This brings us to ethics: if machines dictate when the alarm clock rings, are we as humans not programmed?
‘You do get more dependent on technology. Look at healthcare. Our society is increasingly greying, and pressure on healthcare workers is up, while there are actually fewer of them. This increases the demand for smart technology. Think of ‘ageing in place’, meaning that the elderly live independently in their own homes as long as possible. Sensors are placed on certain objects, and patterns can be deduced from the data produced. E.g. the bedroom door is opened at 7.30 am, and around 7.45 am the coffee machine is switched on. If there is a major deviation from this ordinary pattern or time sequence, the care givers are warned. There are also smart pill boxes that send a signal for the patient to take his medication. Care givers or children can monitor the intake from a distance. Furthermore, movement sensors can also register whether a person is moving around the house. Should there be no such movements for a longer time, action can be taken, and cameras can be activated to inspect the home or room of a patient.’
In other words, we can age well at home and sensors and AI safeguard us, but I do get a Big-Brother-is-watching-you feeling. How about privacy?
‘We have the new Privacy Legislation, but is that enough? The big problem is the companies that have your data. In which way have they secured your data? If they are hacked, your data are out in the open. With Corona we have now see how difficult it is to make a Europe-wide decision on an app showing whether you have been vaccinated or not.The ethical question and consideration will always be: how much of your privacy will you give up for your health? Still, we need a clear legal framework, also for companies.’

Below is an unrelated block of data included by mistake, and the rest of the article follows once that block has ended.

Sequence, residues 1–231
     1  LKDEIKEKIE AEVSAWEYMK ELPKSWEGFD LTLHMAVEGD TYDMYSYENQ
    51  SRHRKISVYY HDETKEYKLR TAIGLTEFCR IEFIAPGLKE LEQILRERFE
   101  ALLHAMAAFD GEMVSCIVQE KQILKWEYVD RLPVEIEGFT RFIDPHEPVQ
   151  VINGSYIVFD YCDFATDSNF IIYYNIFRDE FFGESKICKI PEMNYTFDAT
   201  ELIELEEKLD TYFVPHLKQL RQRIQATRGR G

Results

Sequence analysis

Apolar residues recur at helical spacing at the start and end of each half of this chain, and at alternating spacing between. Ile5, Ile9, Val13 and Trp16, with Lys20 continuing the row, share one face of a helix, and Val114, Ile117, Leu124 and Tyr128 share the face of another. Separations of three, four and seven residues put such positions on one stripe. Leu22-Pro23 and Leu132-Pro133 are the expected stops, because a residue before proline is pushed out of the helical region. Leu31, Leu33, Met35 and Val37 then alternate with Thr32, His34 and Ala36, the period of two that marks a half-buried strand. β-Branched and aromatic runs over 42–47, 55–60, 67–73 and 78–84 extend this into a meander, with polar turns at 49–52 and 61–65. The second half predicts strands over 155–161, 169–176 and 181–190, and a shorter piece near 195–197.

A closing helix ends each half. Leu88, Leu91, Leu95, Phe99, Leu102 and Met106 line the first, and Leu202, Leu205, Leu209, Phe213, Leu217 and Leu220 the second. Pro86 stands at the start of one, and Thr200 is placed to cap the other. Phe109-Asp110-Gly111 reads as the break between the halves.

When I look at the people trained by PIEK, I see people working for internationally active organisations producing devices that are applied everywhere. What should engineers who are active with robots and AI, according to you as a philosopher, be mindful of these days?
‘The key word is inter-disciplinarity. In advance, you pose ethical questions, and not in hindsight. Digitisation has such a massive impact that things can quickly go wrong. With the retweet button Twitter has given a voice to people to share message, but it has also contributed to polarisation and online witch hunts. With an inter-disciplinary mind set you have to look at risks and consequences.’
You see that at companies like Google and Facebook employees sometimes quit, because they disagree with their company’s policy. Will this spread?
‘There are many inconsistencies among the major tech companies. Google wanted to gain a foothold in China, so it went along with censorship. This meant that e.g. websites about human rights were not visible on Google for its Chinese users, whereas Google’s own slogan was ‘Don’t Be Evil’. Later on Google employees left the company due to Project Maven, the use of machine learning for military purposes. Many developers did not want their technology to be used by the military. Their conscience objected.’
The bottom line is that ethics will become more and more important in our society.
PIEK thanks dr. Katleen Gabriels for her insight into the realm of ethics in the technical interconnect industry.